Bringing Science Back to the Abortion Debate: Helping Women, Unborn Children

National   |   Steven Ertelt   |   Jul 13, 2010   |   9:00AM   |   WASHINGTON, DC

Bringing Science Back to the Abortion Debate: Helping Women, Unborn Children

by Gary Bauer and Daniel Alott
July 13, 2010

Gary Bauer is president of American Values and chairman of Campaign for Working Families. Daniel Allott is senior writer at American Values and a Washington fellow with the National Review Institute. This article originally appeared at the Washington Times and is used with permission.

According to conventional wisdom, anti-abortion advocates are vulnerable to charges of being anti-woman and anti-science. Pro-lifers subordinate dispassionate scientific inquiry to irrational religious belief, many people believe, and their "fetus fetish" blinds them to the plight of women in crisis pregnancies.

But two novel laws passed recently in Nebraska explode those myths by highlighting how pro-lifers have embraced women and seized the mantle of science by revealing exactly what it is those who abort are choosing.

On July 15, the Women’s Health Protection Act will take effect. The law will require women seeking abortions to be screened for mental health issues and other risk factors and to be asked whether they are being forced or pressured to abort.

The measure also will give women who develop mental or physical problems post-abortion the right to file civil lawsuits against abortion providers who failed to give proper pre-screening. Abortion providers will not face criminal charges or risk losing their medical licenses.

The new law erodes the notion advanced by Planned Parenthood and others that the emotional effects of abortion are "largely positive." Although post-abortion stress is a subject of considerable controversy, the new law affirms what numerous empirical studies have shown: that many women experience profound and long-lasting emotional grief after abortion.

The second law addresses not the pangs of the aborting mother but the excruciating pain of the aborted baby. The Pain-Capable Unborn Child Protection Act makes it illegal for a doctor to perform an abortion 20 weeks or more after fertilization, except to preserve the life of the mother.

This law is informed by research showing the strong likelihood that unborn children develop pain receptors throughout their bodies as early as 20 weeks. It is the first law to prohibit some abortions on the basis of pain instead of viability, whether an unborn child can live outside the womb.

There is no doubt that abortion can be painful. A dilation and evacuation (D&E) abortion, used from 13 weeks to 24 weeks, involves using forceps to pull the baby into pieces. A saline abortion, the most common technique after 16 weeks, involves injecting a strong salt solution through the mother’s abdomen into the baby’s sac. The baby then swallows, and is poisoned by, the fluid, which also burns off the outer layer of the baby’s skin. Labor begins within 24 hours, and the mother delivers a dead baby.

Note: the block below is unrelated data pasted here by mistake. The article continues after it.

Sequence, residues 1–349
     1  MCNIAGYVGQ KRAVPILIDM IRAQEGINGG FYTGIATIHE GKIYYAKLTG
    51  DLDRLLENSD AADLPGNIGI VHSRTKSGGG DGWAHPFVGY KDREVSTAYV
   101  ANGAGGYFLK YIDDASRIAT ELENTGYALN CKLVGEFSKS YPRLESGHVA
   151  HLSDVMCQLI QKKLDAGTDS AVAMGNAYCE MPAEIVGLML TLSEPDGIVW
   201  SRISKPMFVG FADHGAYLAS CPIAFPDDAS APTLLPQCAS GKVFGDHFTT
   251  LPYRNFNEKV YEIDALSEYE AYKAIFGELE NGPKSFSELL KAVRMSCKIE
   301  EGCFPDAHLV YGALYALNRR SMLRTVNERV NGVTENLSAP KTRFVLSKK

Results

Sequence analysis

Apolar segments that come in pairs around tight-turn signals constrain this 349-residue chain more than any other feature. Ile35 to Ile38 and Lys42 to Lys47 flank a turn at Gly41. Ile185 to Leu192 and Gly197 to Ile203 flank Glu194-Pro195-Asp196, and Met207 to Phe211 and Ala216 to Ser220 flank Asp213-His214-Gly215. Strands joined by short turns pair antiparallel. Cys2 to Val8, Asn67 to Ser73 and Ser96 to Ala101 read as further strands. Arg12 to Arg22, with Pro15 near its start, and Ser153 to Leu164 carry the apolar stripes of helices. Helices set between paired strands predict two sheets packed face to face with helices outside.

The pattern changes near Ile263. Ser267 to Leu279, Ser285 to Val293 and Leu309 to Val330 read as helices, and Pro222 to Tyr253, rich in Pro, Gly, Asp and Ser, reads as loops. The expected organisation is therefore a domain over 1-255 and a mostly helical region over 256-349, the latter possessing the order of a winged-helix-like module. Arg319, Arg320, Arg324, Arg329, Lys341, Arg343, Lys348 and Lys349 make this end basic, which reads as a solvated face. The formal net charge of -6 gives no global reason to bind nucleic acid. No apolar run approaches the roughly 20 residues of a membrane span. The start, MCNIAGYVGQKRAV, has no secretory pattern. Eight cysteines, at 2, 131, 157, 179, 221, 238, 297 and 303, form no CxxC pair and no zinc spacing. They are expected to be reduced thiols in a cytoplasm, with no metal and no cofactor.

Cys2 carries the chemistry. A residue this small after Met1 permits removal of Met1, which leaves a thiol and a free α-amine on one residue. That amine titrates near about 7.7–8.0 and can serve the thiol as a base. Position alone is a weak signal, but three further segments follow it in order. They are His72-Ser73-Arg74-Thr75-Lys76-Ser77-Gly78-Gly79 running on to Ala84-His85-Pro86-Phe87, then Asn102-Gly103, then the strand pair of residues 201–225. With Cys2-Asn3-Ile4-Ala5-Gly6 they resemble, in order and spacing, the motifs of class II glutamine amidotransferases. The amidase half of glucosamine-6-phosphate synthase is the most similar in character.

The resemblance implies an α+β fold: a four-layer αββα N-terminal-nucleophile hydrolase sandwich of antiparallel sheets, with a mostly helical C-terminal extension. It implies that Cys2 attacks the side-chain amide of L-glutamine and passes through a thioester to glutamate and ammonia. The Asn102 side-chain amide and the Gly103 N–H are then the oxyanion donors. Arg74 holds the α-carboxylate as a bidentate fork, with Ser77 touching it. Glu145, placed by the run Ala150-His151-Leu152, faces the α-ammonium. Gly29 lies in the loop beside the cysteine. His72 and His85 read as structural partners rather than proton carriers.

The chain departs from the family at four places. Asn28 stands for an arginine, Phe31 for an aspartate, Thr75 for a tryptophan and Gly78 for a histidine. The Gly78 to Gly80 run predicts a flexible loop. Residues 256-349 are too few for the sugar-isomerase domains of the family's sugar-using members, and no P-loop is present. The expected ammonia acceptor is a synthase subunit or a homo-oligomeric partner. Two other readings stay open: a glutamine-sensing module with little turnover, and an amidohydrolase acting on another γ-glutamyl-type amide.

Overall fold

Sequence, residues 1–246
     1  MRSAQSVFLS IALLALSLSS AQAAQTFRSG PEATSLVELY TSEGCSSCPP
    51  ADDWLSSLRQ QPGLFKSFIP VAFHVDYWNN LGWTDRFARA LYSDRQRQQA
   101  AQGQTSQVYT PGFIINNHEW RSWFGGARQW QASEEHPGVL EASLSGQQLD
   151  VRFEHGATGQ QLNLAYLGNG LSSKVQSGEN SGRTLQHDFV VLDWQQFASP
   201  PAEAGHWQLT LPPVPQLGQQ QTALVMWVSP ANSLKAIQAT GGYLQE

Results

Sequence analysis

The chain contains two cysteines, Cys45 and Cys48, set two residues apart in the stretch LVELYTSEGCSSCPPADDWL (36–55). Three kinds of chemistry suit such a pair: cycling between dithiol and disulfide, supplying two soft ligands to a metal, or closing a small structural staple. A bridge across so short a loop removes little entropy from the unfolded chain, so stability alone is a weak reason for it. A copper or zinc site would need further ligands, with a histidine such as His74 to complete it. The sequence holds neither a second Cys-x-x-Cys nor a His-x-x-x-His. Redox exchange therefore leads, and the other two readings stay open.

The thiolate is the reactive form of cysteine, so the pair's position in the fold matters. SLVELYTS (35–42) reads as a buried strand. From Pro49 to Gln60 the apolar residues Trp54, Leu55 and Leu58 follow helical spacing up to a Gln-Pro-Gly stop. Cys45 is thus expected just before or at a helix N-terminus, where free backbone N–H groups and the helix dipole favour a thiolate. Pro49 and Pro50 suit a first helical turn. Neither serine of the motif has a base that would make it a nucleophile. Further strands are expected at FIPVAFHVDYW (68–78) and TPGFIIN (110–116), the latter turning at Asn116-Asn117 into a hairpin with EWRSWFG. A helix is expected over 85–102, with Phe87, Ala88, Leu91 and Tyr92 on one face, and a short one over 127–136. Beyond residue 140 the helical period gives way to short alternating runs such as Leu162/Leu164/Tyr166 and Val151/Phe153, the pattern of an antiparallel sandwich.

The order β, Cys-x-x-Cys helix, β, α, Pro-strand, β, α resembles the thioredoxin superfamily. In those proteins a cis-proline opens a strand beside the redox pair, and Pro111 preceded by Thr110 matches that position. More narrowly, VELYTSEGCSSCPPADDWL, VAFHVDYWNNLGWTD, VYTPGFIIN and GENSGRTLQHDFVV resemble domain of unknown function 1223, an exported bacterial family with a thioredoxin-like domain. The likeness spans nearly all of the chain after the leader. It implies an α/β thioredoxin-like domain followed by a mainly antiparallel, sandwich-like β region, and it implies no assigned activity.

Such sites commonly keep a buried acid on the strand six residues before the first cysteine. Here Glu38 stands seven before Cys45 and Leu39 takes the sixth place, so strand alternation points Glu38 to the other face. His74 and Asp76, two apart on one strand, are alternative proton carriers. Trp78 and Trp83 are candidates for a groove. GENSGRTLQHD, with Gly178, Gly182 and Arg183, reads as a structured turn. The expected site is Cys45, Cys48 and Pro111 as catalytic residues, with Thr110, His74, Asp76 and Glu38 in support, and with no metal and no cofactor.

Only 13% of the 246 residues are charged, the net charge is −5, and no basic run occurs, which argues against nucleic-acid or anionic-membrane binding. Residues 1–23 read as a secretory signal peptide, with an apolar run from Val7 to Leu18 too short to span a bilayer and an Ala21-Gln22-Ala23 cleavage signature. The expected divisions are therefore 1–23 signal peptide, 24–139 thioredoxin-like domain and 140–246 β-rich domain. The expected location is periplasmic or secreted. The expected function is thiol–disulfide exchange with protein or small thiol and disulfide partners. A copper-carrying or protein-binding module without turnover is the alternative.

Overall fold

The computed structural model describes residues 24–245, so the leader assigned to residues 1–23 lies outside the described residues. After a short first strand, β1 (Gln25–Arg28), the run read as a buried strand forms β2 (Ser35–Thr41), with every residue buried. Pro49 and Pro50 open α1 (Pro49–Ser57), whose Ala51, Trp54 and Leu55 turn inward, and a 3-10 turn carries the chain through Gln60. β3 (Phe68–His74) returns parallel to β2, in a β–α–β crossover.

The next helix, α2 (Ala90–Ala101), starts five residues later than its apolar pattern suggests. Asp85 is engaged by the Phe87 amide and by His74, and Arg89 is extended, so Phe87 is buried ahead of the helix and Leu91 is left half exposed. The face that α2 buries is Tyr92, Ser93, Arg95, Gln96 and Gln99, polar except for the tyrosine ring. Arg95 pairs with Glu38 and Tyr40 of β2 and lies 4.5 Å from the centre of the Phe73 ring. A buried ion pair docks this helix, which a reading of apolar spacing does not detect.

These two first-of-their-kind laws are a result of pro-lifers’ embrace of science and technology. Ultrasound images give mothers and fathers an enhanced picture of what – of who – is being destroyed in an abortion. Twenty states have laws that allow women considering abortion to be offered a chance to view an ultrasound image of their unborn child.

These laws are rooted in the basic insight that if a woman in a crisis pregnancy perceives her child as a living, breathing, feeling (not to mention kicking and yawning) human being, and if she recognizes the risks of abortion, she will be more likely to choose life.

Abortion rights groups are challenging both new laws. Planned Parenthood of the Heartland filed suit against the mental health screening law, stating that compliance could be difficult and that women could be given irrelevant information. A hearing for a preliminary injunction of the law is set for July 13.

Regardless of the legal outcome, the recognition that a fetus can feel pain and that a woman may experience a deep sense of loss after an abortion has already had a profound effect in the court of public opinion.

America has seen a remarkable shift away from abortion in almost every way. Numerous polls show that for the first time in at least a decade, a majority of Americans describe themselves as "pro-life." In Gallup’s annual poll, the share of respondents who self-identified as "pro-life" grew from 33 percent in 1995 to 51 percent last year.

Abortions have decreased by 25 percent, from an all-time high of 1.6 million in 1990 to 1.2 million in 2005, according to the Guttmacher Institute.

Abortion advocates openly fret about the shortage of medical students willing to train in abortion. The number of abortion providers dropped from 2,908 in 1982 to 1,787 in 2005. And 87 percent of U.S. counties have no abortion facilities.

Ultrasound has been responsible for a number of high-profile conversions to the pro-life cause, including several directors of abortion facilities. It also has stirred many Americans who were formerly ambivalent about abortion to adopt the pro-life position.

Americans rightly recoil from images and descriptions of torture of prisoners and of cruel treatment of animals. We should not be surprised when they react similarly to the inhumane treatment of unborn babies and their mothers.


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